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Election 2016: Early rush to polls creates some long waits

By Charles Swenson
John Scrantom showed up at 5:50 a.m. to vote in what became a historic presidential election. He wasn’t caught up in the occasion, he just wanted to get to work.

“I’d rather wait early and vote,” he said. “There are people who are going to wait a whole lot longer than I did.”

Poll workers at Pawleys Island 2, the largest precinct in Georgetown County, opened the doors of the Waccamaw Regional Recreation Center to Scrantom at 6 a.m. He stood at the head of the line until 7 a.m., while the poll manager, Rita Smith, waved him forward. By then, a couple of hundred people were lined up around the gym floor and down the hallway. Most were bundled up against the temperature in the 40s. A few wore shorts. Some in Clemson and Carolina colors, a few in Waccamaw High athletic wear. They held coffee in Styrofoam and stainless steel cups. Some held children in their arms. A couple of women brought their knitting.

After Scrantom, another 1,377 voters made their way to the eight machines lined up against a wall. “I’d just like to get the country straightened out,” said Scrantom as he headed to his job as a carpenter. “We’re in a bad way.” He voted for Donald Trump along with 742 other voters, 53 percent of those who came through the doors.

Scrantom, a Republican, also voted for the parties other candidates, and he supported the $165 million school bond referendum. “You have to look after the children,” he said.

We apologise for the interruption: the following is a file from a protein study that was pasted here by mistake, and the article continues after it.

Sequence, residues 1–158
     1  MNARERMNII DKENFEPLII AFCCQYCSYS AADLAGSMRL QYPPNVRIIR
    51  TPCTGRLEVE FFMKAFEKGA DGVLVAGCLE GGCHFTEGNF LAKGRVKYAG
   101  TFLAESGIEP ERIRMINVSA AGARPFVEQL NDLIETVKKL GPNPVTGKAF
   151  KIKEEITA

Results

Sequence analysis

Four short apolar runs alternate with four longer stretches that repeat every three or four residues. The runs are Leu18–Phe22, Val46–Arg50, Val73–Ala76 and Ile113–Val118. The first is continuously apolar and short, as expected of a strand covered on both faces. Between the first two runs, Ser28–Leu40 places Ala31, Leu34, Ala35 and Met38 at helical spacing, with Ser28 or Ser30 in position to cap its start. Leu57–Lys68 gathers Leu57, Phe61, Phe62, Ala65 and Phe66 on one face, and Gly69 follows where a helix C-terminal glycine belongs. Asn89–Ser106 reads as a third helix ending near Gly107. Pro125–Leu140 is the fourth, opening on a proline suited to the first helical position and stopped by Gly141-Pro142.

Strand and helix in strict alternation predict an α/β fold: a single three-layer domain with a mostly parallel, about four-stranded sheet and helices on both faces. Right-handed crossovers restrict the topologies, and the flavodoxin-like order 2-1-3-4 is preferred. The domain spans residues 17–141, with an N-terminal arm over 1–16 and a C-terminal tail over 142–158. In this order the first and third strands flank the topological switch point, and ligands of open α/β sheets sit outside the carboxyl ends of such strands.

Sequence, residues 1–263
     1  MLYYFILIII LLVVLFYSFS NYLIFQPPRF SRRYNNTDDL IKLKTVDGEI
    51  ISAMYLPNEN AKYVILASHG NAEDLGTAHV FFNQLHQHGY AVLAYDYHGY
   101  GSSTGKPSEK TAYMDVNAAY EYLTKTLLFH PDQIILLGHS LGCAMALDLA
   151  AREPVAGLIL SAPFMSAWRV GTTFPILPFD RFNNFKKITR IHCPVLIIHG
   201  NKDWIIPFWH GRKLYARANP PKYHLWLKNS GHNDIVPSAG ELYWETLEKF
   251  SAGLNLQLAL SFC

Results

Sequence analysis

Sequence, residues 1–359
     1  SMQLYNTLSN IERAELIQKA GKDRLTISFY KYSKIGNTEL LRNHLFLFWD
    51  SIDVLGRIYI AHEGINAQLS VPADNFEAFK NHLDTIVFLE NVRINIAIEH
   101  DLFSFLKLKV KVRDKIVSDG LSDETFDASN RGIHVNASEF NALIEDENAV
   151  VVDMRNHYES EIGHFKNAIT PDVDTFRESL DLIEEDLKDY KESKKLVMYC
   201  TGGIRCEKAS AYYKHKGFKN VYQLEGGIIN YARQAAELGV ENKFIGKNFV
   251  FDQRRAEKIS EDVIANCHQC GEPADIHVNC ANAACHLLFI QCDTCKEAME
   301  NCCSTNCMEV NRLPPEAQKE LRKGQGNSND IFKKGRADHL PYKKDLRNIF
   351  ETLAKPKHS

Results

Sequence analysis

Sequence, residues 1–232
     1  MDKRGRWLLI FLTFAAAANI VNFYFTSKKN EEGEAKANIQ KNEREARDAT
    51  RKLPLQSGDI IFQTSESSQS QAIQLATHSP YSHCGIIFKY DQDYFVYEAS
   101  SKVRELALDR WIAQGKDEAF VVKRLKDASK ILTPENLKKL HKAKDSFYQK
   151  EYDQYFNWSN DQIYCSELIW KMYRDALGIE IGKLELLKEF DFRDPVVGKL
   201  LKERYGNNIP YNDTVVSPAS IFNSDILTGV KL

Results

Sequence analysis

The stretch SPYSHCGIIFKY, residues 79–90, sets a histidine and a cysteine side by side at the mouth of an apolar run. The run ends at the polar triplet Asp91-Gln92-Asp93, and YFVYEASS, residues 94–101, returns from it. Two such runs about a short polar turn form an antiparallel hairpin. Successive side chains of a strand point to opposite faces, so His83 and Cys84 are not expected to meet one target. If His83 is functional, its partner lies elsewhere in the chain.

Not everyone who came after Scrantom waited as long. Those who came in around 6:45 a.m. were out the door by 7:20. Those who came after 7 reported waits of almost two hours.

By the time Kayla Burgess arrived to vote around midday, the line was down to about 50. She handed over her ID at one of two computers set up to check registrations. “Ding, ding, ding,” said Smith. “We have another first-time voter.” Burgess got a round of applause.

She was only 17 at the last presidential election. As a 21-year-old senior at the University of South Carolina, Burgess drove home for the day to vote. She called the experience “surreal.”

“It’s a really important thing to do,” she said. “I wanted to use my voice.”

Asked about her choices, she drew two fingers across her lips to show they were zipped and to affirm her faith in the secret ballot. But she added, “this election is very important.”

Turnout on Election Day was 41 percent at Pawleys Island 2. When absentee votes were included, turnout was 68.3 percent, poll workers said. Turnout in the county was 69.3 percent.

Poll workers and poll watchers said much of the turnout on Tuesday came in the morning. At Pawleys Island 1, which moved next door to Waccamaw Intermediate School from the Waccamaw Library follow the primary elections, poll manager Diana Williamson said there were 100 people in line when voting began. By midday it was down to about 75. One of the eight voting machines broke and there were some holdups with voters whose addresses couldn’t be verified. Otherwise, it went smoothly, Williamson said.

Voting in the school cafeteria had the added benefit of allowing voters to sit at the tables that defined the waiting line.

By the time Thomas Rhea and his son Hampton arrived at 6:58 p.m., the only line at Pawleys Island 2 was poll workers waiting to rearrange the furniture. A supervisor with Coastal Structures, Rhea had been to the precinct earlier, decided not to wait, but then rushed back before the 7 p.m. closing. “Hampton was the big push,” he said. His son is a student at Waccamaw Elementary. “They’ve been talking about the election.”

The last voter at Pawleys 2, like the first voter, cast his ballot for Trump. Rhea called him “the lesser of two evils.” He also supported the school bond referendum. His wife is an occupational therapist for the school district, and he said “growing up in the schools around here, they need some work.”

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